Reyer: Make plan to help workers build professionalism

  • Article by: LIZ REYER
  • Special to the Star Tribune
  • November 18, 2012 - 7:00 PM

Q I'd like to help some of the newer employees in my company develop their general professionalism. They have good technical skills, but could use some polish. What would you suggest?

A Step by step, introduce new ways to help your employees build their professionalism.

The inner game

Take some time to get your thoughts in order.

First, determine what "general professionalism" means to you. Consider three main areas: appearance, attitude and behavior. And note that standards on these areas may be industry- or company-specific. The appearance area may not have a strict dress code, but will certainly include neatness and hygiene. Attitude may include responsiveness and generally being pleasant. Behavior may be as varied as having good table manners or not texting in mid-conversation.

Now, think about the employees in your company.  Which of the areas need the most attention? Someone might meet appearance expectations, but have challenges on the attitude or behavior front. If you think about each individual in turn, then you'll be able to make a collective plan that'll be of the most benefit.

Prioritize the areas for improvement from a customer perspective. If you have employees who are out with customers, even if their technical skills are great, shortcomings on any of the three areas could limit their success. Similarly, consider the effect of increased professionalism on morale. Some of the advances could help maintain the quality of your workplace, too.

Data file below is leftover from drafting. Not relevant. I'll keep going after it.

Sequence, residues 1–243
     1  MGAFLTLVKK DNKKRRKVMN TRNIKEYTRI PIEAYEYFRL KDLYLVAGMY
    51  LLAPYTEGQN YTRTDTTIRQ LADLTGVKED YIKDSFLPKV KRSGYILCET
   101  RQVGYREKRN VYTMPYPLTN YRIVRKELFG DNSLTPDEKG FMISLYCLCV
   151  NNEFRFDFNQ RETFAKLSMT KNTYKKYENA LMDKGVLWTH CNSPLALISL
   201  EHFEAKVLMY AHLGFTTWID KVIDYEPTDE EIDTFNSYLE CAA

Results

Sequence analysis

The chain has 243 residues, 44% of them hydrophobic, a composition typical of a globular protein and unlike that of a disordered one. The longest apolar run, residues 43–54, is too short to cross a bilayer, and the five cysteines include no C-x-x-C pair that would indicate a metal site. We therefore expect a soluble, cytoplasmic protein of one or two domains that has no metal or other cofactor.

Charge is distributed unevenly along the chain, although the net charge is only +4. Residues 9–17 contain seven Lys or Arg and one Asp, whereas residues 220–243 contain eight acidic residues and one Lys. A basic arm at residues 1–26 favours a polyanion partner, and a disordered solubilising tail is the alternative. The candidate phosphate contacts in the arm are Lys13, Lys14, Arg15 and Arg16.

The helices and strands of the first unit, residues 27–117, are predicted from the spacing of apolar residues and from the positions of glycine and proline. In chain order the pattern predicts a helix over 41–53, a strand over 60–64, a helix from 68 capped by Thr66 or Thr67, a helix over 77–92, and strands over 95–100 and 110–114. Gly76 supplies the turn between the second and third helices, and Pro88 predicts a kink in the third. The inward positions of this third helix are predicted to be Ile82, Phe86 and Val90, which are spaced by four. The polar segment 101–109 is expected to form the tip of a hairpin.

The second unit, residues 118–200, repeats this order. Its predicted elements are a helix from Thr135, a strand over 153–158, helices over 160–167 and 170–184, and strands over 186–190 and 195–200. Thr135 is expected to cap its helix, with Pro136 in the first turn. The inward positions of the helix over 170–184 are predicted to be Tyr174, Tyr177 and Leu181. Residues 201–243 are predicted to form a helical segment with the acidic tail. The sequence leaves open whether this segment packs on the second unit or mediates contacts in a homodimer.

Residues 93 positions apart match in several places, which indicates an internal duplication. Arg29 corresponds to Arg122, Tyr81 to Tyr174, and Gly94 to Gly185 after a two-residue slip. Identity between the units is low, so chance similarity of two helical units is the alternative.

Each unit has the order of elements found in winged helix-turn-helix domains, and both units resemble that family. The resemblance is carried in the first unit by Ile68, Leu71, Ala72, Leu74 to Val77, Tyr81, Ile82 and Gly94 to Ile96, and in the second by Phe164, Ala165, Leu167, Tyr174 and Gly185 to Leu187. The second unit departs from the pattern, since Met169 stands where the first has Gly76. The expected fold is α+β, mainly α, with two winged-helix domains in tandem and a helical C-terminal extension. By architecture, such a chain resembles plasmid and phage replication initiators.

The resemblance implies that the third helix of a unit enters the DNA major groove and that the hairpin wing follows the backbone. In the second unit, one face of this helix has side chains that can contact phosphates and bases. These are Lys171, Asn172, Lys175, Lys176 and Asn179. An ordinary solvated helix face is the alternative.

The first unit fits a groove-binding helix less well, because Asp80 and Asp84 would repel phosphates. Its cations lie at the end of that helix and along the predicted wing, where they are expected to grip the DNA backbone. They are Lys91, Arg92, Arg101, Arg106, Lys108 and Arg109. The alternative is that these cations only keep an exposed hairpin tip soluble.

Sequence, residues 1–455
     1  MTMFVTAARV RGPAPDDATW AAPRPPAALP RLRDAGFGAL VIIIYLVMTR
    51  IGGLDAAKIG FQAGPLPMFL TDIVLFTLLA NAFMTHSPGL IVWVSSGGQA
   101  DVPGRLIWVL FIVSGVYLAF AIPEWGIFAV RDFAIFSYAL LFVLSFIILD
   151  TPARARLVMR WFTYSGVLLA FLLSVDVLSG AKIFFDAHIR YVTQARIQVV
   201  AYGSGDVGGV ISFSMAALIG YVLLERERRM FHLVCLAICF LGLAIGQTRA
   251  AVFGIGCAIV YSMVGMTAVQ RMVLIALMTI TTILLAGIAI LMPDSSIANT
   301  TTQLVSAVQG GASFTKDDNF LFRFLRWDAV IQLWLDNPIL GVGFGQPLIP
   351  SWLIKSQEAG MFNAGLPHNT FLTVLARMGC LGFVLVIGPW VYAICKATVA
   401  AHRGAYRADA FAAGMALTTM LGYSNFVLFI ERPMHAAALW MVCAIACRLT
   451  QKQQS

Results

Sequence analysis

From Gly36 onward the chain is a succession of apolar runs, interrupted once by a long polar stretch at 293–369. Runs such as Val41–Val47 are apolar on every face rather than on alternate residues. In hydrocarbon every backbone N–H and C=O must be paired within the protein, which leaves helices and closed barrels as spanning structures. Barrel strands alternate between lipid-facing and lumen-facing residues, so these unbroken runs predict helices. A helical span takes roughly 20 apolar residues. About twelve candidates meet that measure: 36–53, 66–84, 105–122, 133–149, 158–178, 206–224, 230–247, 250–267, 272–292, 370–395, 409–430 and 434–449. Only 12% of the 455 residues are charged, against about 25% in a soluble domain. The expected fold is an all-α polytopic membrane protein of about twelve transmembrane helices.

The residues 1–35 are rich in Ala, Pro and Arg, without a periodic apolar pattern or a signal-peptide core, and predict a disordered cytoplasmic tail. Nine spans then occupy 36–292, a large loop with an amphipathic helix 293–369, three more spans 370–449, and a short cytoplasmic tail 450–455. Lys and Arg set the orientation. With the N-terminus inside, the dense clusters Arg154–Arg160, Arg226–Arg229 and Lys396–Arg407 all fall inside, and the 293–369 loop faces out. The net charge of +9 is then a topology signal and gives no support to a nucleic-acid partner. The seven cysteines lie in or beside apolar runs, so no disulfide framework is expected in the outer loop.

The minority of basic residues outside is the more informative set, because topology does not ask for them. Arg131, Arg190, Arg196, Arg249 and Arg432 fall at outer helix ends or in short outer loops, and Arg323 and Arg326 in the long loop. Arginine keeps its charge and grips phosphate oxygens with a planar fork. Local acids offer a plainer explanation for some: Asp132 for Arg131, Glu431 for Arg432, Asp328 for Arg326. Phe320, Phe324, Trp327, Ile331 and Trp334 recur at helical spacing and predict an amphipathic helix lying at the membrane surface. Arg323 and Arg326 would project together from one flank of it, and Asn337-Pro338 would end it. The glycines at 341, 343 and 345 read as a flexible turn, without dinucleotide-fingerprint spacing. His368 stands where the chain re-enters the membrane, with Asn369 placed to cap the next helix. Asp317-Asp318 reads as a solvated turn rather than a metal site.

Also keep in mind that differences exist among generations and their expectations in the workplace. And while some expectations make sense for all, there is some evolution that needs to be accommodated.

The outer game

The steps you take depend on the severity of the need and the level of investment you want to make. If you've heard from customers that lack of professionalism has been an issue, then you need to take faster and more comprehensive action, perhaps finding an external trainer to help.

However, if this is less urgent and more focused on development than repair, you could set up some internal options.  Some ideas include:

• A "professionalism tip of the week" via e-mail that is discussed at staff meetings; these could be researched and produced by team members to build engagement.

• Individualized attention by setting performance goals on an area that needs work.

• Group goals on a specific aspect. There can be a fun aspect of paying a dollar if you fall short -- the money can go to a team social event or charity.

Make sure that you keep the tone positive and growth-oriented; it'll be counterproductive if it seems punitive. Also track progress so that you build forward movement. And if you're not, reassess your approach and try again.

The last word

The intangibles can be hard to master when moving into a professional workplace, and providing direction will help your employees advance their careers as well as advance your company.

What challenges do you face at work? Send your questions to Liz Reyer, a credentialed coach and president of Reyer Coaching & Consulting in Eagan. She can be reached at

© 2018 Star Tribune